A powerful, uncompromising work of social criticism. To this day, few works of fiction have so clearly illuminated the devastating impact of racial injustice
The Street is my favorite type of novel, literary with an astonishing plot . . . Petry engages the issues of her day, which sadly are the issues of our day as well . . . I just can't figure out why this work is not more widely read and celebrated . . . Sometimes when a writer is regarded as "before her time" we don't quite understand that the same work is still right on time. Petry is the writer we have been waiting for, hers are the stories we need to fully illuminate the questions of our moment, while also offering a page-turning good time. Ann Petry, the woman, had it all, and so does her insightful, prescient and unputdownable prose
Ann Petry's first novel, The Street, was a literary event in 1946, praised and translated around the world - the first book by a black woman to sell more than a million copies . . . Her work endures not merely because of the strength of its message but its artistry . . . Petry will always feel on time. Her kind of talent will always feel startling and sui generis: The music of her sentences, and their discipline; her unerring sense of psychology; the fullness with which she endows each character, which must be understood as a kind of love; the plots that commandeer whole hours and days. (I am writing this review in a swivet of shame, in fact, in the baleful eyeline of an unwalked dog, unwashed dishes, unanswered emails.) Her work endures not only because it illuminates reality, but because it harnesses the power of fiction to supplant it.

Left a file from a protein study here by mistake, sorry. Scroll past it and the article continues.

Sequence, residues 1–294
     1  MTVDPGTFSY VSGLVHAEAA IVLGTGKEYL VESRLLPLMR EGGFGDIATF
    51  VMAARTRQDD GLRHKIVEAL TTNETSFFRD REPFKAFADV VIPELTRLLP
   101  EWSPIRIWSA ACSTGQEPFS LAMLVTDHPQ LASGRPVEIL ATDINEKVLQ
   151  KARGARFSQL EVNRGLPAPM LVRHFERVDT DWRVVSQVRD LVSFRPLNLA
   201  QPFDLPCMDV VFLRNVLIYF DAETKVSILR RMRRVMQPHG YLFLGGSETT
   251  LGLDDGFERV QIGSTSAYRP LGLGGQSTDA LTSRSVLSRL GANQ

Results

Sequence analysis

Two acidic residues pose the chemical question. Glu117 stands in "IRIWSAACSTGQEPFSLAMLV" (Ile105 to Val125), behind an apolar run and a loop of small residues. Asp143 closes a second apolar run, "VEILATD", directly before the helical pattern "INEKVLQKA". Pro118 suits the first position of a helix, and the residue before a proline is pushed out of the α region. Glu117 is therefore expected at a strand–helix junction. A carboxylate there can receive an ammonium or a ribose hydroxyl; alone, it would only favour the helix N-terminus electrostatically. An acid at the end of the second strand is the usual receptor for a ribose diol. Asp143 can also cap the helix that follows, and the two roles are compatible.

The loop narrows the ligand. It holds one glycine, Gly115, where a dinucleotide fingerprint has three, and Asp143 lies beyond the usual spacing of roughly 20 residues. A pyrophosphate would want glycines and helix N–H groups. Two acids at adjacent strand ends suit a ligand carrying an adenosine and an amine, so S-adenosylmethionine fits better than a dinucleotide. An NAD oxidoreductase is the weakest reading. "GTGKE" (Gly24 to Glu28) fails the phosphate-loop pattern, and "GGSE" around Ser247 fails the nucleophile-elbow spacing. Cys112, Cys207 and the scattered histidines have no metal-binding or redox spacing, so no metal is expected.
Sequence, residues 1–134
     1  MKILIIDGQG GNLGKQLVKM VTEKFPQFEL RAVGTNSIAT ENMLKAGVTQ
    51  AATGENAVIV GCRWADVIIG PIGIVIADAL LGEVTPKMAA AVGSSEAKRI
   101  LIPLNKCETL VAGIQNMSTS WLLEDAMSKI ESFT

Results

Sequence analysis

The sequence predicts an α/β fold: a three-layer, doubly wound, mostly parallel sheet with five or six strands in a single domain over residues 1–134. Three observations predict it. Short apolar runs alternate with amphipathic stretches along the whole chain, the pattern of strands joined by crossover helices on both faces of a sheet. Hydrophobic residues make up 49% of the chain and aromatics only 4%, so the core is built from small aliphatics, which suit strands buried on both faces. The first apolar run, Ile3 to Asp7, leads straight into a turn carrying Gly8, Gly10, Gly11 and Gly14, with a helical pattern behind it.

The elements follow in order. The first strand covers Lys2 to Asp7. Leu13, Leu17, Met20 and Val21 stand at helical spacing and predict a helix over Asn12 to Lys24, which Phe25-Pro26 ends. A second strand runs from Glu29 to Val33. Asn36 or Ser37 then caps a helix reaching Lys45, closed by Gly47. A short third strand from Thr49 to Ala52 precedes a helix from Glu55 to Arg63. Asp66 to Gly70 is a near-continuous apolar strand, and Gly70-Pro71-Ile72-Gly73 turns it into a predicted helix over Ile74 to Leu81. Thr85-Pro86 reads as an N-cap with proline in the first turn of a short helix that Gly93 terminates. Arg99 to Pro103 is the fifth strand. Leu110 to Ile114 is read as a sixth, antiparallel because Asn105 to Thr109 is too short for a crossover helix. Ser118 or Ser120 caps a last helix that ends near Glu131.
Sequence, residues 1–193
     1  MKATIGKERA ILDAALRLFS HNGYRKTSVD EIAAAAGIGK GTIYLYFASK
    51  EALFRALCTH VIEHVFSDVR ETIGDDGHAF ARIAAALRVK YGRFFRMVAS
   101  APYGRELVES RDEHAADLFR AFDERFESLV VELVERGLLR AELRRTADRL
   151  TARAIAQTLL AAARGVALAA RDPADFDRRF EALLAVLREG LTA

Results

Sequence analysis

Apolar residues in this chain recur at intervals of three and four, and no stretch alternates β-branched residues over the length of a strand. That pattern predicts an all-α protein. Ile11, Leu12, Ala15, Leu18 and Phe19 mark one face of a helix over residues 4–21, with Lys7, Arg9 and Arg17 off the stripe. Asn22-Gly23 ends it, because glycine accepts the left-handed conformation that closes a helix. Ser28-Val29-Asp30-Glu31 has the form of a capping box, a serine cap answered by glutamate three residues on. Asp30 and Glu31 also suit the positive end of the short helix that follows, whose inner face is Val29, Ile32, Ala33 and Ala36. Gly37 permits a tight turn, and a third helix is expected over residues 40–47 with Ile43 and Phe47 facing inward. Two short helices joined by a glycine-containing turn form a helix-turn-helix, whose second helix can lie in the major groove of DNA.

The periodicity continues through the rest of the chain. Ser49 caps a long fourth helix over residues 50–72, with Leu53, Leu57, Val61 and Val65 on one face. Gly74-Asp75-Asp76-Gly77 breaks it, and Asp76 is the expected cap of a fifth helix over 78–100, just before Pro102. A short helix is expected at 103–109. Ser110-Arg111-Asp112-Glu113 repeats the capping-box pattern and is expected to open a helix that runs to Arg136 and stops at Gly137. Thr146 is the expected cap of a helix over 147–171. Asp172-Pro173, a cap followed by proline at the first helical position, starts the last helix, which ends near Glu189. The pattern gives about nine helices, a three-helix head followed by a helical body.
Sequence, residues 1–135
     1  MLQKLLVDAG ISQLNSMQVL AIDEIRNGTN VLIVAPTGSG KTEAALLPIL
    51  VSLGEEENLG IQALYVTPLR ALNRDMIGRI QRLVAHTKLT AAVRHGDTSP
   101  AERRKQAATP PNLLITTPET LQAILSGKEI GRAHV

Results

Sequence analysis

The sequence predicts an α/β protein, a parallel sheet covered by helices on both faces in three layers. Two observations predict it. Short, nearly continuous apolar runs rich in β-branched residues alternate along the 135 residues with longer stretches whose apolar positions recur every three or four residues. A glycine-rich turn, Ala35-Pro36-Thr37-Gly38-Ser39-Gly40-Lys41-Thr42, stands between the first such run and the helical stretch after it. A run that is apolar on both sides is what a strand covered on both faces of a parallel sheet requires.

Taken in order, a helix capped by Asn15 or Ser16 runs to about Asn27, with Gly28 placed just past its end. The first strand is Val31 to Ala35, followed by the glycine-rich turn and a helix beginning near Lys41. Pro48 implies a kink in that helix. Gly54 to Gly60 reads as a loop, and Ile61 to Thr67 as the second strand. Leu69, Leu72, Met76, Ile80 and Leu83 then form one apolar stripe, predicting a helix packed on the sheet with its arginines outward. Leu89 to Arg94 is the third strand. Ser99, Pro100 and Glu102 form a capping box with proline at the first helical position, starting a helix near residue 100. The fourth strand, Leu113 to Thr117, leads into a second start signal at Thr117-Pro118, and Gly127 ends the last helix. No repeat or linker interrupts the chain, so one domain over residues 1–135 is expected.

This is a wonderful novel - the prose is clear, the plot is page-turning, the characters are utterly believable. It also manages to be a socially and politically astute study of a Black woman's life, a hardworking, divorced mother of a son, as she navigates different challenges in 1940s Harlem